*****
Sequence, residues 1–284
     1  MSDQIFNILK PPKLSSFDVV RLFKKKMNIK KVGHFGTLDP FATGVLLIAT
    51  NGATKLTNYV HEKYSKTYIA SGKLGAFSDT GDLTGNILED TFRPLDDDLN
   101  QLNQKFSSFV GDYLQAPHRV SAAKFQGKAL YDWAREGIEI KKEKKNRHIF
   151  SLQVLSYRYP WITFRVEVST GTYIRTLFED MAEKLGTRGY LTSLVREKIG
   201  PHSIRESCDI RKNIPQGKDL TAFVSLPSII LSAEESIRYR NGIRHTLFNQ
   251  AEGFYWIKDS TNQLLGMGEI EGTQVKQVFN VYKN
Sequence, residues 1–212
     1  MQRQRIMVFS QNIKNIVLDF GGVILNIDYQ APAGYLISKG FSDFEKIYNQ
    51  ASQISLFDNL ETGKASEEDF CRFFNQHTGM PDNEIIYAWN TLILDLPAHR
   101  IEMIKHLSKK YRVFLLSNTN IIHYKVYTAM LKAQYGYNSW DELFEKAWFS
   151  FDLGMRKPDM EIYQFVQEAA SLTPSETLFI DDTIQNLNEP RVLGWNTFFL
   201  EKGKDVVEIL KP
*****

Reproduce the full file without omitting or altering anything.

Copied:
Sequence, residues 1–284
     1  MSDQIFNILK PPKLSSFDVV RLFKKKMNIK KVGHFGTLDP FATGVLLIAT
    51  NGATKLTNYV HEKYSKTYIA SGKLGAFSDT GDLTGNILED TFRPLDDDLN
   101  QLNQKFSSFV GDYLQAPHRV SAAKFQGKAL YDWAREGIEI KKEKKNRHIF
   151  SLQVLSYRYP WITFRVEVST GTYIRTLFED MAEKLGTRGY LTSLVREKIG
   201  PHSIRESCDI RKNIPQGKDL TAFVSLPSII LSAEESIRYR NGIRHTLFNQ
   251  AEGFYWIKDS TNQLLGMGEI EGTQVKQVFN VYKN
Sequence, residues 1–212
     1  MQRQRIMVFS QNIKNIVLDF GGVILNIDYQ APAGYLISKG FSDFEKIYNQ
    51  ASQISLFDNL ETGKASEEDF CRFFNQHTGM PDNEIIYAWN TLILDLPAHR
   101  IEMIKHLSKK YRVFLLSNTN IIHYKVYTAM LKAQYGYNSW DELFEKAWFS
   151  FDLGMRKPDM EIYQFVQEAA SLTPSETLFI DDTIQNLNEP RVLGWNTFFL
   201  EKGKDVVEIL KP